- First Time Buyers
- Buyer Checklist
- Choosing an Agent
- The Down Payment
- What Can I Afford?
- Mistakes To Avoid
- Short Sales
- Home Inspections
- Moving Decisions
- Community Toolkit
How Much Home Can I Afford?
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When you are ready to buy a home you will need to first ask yourself "What can I truly afford?" A common mistake people make is not taking a big picture approach in answering this question. Consider the following expenses when determining your true bottom-line.
Property tax amounts will vary based on the home and its assessed value but can increase depending on the community, school and local budgets. This can add hundreds of dollars to your monthly payment.
This form of insurance is purchased separately and will insure the value of your home against theft, fire and possibly flood damage. You will need to shop around for the best price and consider that costs can go up year to year.
You'll most likely want to do some upgrades once you purchase your home. This can include flooring, appliances and painting. We suggest that you make a list of all the upgrades you are considering so you can leave room in your budget for these additional expenses.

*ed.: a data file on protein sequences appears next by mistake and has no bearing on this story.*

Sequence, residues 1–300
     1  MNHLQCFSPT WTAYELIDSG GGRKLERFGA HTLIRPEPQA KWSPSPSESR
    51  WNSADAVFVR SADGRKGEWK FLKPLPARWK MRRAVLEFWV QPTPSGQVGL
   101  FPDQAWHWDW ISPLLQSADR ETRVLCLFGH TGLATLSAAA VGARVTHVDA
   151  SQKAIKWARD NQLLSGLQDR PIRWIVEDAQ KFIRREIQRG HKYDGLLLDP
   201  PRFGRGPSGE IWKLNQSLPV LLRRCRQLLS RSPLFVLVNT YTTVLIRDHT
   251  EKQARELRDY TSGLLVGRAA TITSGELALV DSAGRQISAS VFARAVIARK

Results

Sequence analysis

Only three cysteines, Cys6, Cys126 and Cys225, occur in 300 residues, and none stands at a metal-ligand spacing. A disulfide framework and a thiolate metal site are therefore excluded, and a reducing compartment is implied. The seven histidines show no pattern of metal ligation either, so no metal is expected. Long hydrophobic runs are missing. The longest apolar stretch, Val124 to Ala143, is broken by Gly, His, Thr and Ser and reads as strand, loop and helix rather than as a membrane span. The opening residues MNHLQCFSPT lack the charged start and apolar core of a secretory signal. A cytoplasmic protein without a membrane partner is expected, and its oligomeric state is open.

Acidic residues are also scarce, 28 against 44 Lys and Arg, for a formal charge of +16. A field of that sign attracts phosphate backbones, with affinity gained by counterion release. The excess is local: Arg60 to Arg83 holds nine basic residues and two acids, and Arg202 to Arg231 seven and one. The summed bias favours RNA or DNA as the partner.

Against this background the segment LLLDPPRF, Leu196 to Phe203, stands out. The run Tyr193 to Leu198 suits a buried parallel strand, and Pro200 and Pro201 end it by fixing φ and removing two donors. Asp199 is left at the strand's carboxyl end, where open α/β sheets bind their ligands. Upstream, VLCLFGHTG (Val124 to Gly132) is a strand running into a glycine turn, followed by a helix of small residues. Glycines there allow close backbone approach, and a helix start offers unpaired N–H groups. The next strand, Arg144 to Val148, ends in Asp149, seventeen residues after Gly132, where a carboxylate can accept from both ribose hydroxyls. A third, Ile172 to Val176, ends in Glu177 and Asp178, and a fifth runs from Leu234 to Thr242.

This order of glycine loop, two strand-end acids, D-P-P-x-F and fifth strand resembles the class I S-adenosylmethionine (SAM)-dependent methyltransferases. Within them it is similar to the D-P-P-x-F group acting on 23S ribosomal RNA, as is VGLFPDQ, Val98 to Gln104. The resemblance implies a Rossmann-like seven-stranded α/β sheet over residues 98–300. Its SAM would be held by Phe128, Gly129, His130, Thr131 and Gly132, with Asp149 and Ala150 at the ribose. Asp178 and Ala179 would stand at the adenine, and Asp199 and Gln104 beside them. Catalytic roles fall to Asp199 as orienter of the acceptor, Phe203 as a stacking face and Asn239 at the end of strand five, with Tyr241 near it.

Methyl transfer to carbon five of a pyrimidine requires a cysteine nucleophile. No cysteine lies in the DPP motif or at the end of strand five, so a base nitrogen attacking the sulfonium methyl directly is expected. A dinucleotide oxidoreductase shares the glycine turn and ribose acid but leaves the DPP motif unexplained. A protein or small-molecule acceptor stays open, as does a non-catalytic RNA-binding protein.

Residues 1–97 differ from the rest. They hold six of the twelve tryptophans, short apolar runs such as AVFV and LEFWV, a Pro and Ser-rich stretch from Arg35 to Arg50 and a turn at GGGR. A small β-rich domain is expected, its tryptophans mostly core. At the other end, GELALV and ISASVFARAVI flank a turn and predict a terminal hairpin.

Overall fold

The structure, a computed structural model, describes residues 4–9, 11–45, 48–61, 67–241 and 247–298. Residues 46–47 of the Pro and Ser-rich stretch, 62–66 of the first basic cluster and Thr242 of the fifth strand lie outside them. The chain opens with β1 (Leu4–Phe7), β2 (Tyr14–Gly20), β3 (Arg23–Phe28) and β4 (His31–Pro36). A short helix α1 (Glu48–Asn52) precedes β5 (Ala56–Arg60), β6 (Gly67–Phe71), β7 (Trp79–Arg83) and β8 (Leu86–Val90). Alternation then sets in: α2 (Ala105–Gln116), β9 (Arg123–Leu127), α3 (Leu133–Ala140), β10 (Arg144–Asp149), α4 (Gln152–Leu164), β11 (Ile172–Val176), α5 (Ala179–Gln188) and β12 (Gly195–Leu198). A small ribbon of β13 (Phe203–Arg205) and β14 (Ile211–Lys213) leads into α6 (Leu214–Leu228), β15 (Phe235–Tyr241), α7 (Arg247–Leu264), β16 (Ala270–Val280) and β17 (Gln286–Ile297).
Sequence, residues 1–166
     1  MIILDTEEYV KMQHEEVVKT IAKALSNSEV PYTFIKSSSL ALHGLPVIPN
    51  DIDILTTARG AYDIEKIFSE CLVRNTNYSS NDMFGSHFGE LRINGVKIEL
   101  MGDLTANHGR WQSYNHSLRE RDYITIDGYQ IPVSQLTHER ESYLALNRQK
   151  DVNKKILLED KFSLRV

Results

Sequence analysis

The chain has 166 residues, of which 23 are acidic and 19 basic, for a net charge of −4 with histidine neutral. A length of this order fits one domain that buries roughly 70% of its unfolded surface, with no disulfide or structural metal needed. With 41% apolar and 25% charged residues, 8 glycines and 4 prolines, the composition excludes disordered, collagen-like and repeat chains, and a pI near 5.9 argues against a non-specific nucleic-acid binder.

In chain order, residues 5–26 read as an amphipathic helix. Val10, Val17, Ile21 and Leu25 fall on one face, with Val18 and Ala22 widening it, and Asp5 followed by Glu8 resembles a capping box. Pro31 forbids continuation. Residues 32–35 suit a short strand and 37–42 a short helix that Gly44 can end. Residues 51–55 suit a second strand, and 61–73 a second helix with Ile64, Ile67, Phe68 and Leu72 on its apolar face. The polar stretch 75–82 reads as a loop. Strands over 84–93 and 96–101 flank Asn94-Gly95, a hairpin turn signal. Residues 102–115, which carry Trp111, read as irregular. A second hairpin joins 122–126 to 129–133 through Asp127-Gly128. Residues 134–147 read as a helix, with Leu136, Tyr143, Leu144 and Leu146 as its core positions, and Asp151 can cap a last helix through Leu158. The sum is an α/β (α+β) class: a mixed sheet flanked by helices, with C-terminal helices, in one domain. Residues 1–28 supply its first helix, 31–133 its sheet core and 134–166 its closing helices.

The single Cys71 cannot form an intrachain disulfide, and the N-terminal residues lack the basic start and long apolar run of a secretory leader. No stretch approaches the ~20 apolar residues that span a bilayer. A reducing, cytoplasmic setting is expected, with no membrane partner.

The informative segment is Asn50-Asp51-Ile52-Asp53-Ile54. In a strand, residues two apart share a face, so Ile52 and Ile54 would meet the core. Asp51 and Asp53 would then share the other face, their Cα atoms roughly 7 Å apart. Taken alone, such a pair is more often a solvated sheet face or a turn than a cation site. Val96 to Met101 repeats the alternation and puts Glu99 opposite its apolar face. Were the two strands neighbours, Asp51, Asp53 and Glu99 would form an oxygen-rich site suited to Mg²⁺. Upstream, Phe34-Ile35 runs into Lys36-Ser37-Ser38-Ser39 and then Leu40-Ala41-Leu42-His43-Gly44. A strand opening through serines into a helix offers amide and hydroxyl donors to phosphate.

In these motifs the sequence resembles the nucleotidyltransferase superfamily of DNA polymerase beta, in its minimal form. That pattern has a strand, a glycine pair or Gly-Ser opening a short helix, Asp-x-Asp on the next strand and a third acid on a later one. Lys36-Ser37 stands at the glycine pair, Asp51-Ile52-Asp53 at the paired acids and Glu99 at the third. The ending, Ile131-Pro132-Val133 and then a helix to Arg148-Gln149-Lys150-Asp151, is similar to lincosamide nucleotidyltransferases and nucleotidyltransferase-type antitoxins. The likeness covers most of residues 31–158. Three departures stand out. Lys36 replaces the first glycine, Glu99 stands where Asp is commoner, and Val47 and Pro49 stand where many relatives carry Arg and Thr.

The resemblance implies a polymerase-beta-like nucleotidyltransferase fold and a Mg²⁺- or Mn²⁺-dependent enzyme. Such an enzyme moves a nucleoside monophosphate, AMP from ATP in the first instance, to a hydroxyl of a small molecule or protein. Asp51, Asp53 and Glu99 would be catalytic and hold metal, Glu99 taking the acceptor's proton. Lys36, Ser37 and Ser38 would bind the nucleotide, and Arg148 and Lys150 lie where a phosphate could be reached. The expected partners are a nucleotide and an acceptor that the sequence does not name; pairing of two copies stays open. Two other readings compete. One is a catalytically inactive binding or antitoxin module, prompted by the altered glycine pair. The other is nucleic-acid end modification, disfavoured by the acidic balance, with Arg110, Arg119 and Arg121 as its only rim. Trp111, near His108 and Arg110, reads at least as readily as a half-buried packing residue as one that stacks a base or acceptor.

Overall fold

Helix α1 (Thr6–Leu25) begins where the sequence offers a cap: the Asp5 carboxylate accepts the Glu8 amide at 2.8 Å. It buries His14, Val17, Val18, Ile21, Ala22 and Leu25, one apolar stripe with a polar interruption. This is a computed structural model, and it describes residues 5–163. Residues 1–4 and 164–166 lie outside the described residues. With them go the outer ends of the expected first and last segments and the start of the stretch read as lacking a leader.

If you happen to purchase a home with a sizable yard and stunning landscaping you will need to consider not only the expense but also the amount of time and energy that is required for maintenance.
Mortgage rates constantly change based upon a variety of economic factors that impact the demand for mortgages among investors.
Fees and Closing Costs
These are expenses and fees that you will be responsible for paying such as home appraisal, home inspection and the other professional services needed to purchase a home.
Unfortunately utilities expenses are something every homeowner (and some renters) have to take into account. These expenses include water, gas and electricity…..to name a few. Remember depending on your home size this expense can vary and add up quickly. Tips: Request that your JCL Realty Agent ask the seller what their average monthly costs were over the last year.
PMI (Private Mortgage Insurance)
Unless you can put down 20% on your mortgage, you'll be required to pay PMI; this protects the lender from potential default on the loan. Private Mortgage Insurance can run up to .75% of your loan amount.